Dec. 9/16, 2019: Volume 35, Issue 12
By Lou Morano
My mom calls every customer after every sale to ensure she had a great experience. If not, she listens to the customer and proceeds accordingly to solve any unresolved issues.
We have few complaints—the most common being the product not coming in on time or damaged, the installer arrived late, the job took too long, etc. The No. 1 complaint is the customer felt like she was not sufficiently informed throughout the process. In some cases, she had to call to find out why the installation had not been scheduled yet, or she contacted the salesperson to get information, only to be told he or she would call her back but didn’t.
In these situations, it was not so much the issue itself that frustrated the customer but rather the lack of follow up or follow through. In other words, the customer felt that if she had not called, then nothing would have been resolved. Basically, it boiled down to poor communication.
If we want customers to be so happy with their experience that they cannot wait to refer us, then we must exceed their expectations. But when we don’t even meet their expectations, they might not refer us at all. Imagine doing a great job at selling the customer the right product and following up with an amazing installation. But because the customer was so annoyed and frustrated at the actual process, she won’t refer you. Now, imagine the same order but the customer was properly informed on the status of the job, and she is so happy with her experience she talks about how awesome everything went and refers you to anyone who will listen.
It’s critical that we as retailers uphold the highest levels of excellence when it comes to serving the customer. When the consumer has an expectation that is not sufficiently met, she feels misled. When she has an expectation and we just meet it, it is nothing special to the customer because she views it as us doing what we’re “supposed to do.” But when we exceed clients’ expectations, they become loyal customers who tell all their friends.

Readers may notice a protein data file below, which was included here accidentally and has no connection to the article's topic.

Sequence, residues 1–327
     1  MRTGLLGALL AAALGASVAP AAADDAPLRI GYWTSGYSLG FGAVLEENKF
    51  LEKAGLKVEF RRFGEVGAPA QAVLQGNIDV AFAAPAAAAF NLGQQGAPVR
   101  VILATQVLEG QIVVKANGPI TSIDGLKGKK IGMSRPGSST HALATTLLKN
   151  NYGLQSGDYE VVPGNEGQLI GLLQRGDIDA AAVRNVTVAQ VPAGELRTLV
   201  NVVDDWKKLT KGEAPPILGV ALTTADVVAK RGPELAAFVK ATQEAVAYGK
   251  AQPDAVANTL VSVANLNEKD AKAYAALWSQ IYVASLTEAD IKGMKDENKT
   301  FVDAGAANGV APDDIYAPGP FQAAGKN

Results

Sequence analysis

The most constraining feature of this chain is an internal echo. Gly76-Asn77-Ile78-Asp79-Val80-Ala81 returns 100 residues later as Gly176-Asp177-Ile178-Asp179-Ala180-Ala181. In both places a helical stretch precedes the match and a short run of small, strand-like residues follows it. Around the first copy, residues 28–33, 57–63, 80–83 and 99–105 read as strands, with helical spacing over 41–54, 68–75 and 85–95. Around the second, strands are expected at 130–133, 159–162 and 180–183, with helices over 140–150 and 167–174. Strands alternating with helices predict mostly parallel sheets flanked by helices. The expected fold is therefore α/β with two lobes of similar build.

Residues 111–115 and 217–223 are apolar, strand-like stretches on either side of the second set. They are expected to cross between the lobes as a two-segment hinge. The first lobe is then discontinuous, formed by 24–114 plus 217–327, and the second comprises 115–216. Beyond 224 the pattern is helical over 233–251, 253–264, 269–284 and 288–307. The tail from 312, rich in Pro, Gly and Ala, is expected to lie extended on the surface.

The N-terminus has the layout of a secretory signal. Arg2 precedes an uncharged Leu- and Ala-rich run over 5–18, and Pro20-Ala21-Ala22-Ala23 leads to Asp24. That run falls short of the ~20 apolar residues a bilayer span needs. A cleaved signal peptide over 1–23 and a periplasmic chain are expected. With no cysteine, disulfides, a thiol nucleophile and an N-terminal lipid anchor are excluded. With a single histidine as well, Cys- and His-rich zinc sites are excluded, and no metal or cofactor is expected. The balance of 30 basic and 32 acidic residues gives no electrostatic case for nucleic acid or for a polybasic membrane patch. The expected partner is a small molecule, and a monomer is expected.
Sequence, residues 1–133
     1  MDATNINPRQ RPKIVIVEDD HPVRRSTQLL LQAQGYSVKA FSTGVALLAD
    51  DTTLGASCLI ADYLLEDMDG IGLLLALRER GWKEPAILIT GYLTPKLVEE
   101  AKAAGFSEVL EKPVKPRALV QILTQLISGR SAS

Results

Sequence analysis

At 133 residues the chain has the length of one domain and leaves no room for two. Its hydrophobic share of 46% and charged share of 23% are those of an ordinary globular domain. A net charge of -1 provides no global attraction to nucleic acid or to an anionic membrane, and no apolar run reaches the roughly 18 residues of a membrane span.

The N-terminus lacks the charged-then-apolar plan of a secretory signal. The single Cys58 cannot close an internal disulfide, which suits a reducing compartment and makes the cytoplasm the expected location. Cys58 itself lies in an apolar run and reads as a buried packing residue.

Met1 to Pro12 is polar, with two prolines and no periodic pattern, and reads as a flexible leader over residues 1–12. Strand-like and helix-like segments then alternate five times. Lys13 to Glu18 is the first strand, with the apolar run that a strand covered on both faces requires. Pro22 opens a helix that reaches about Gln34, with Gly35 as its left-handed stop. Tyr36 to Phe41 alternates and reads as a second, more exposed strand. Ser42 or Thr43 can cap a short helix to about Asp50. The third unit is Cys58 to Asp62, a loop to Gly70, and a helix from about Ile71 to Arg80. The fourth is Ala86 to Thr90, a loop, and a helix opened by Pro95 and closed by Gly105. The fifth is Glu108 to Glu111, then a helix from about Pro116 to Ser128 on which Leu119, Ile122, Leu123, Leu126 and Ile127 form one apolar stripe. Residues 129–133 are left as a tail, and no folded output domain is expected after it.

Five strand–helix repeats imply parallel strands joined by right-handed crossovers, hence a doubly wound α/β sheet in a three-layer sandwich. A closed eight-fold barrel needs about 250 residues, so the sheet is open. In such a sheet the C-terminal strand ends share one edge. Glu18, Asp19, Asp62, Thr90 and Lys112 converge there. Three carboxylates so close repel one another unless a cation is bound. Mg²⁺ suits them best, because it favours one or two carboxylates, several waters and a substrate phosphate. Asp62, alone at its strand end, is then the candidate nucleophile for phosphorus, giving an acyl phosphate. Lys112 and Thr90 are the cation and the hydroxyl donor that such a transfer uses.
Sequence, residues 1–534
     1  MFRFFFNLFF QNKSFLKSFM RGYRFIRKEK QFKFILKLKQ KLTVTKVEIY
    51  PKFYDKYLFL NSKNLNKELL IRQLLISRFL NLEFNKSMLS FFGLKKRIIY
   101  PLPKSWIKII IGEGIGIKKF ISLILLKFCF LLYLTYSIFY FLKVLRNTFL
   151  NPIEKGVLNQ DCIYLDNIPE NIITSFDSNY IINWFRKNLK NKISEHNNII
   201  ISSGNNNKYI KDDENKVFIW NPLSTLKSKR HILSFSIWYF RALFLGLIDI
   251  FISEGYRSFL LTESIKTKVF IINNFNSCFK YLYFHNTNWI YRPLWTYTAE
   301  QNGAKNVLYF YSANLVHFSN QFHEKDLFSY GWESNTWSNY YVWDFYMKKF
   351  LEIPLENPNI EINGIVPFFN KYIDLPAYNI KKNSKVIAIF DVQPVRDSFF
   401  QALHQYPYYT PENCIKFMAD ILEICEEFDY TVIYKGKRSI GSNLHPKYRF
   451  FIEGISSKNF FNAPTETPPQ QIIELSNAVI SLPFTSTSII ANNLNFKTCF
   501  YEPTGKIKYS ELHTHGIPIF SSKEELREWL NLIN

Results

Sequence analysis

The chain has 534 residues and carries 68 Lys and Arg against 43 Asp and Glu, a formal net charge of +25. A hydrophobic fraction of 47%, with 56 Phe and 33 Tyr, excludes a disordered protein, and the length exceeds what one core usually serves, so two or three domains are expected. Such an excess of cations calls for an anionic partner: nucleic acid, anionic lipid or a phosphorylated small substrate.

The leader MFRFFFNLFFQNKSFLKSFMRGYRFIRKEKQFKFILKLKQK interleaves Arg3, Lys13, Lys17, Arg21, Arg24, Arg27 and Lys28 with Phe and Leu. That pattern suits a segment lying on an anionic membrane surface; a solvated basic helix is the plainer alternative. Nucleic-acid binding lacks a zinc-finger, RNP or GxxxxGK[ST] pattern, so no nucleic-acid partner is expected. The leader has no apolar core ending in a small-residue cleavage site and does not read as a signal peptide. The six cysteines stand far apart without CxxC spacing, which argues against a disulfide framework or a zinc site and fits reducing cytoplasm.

When we sell a customer, it is important to “tee it up” properly by explaining the whole process, timelines, scope of work, paperwork, payment policy, etc., in great detail. Do your best to under-promise and over-deliver when you can so the chances of exceeding her expectations are greater.
Remember, a customer does not buy flooring on a regular basis so it is imperative to communicate effectively. Set clear, detailed expectations at the time of sale. If you’re removing hard surface let them know there is going to be a mess. When you’re committing to timelines, be sure to leave room for unforeseen obstacles. More importantly, be sure to manage the customers’ expectations. Every promise needs follow up and follow through.
In this industry, unfortunate situations arise. Sometimes we have product that comes in damaged; installers who do not always perform their best; we make mistakes on orders; or the customer just simply doesn’t like the way something looks. Many of these things are not controllable. But the one thing we are in complete control of is how and what we communicate to the customer.
Since we have put systems and communication protocols in place in our stores, when my mom follows up, she has very few complaints on these issues. The end result is we have many more super happy customers who just can’t wait to refer us.
Lou Morano started selling carpet for a major retailer at the age of 19 in 1981. In 1985 he and his father incorporated Capitol Carpet, Inc., and opened their first full-service retail store in 1986. Today Morano operates five retail stores, including a commercial division, under the name Capitol Carpet & Tile and Window Fashions.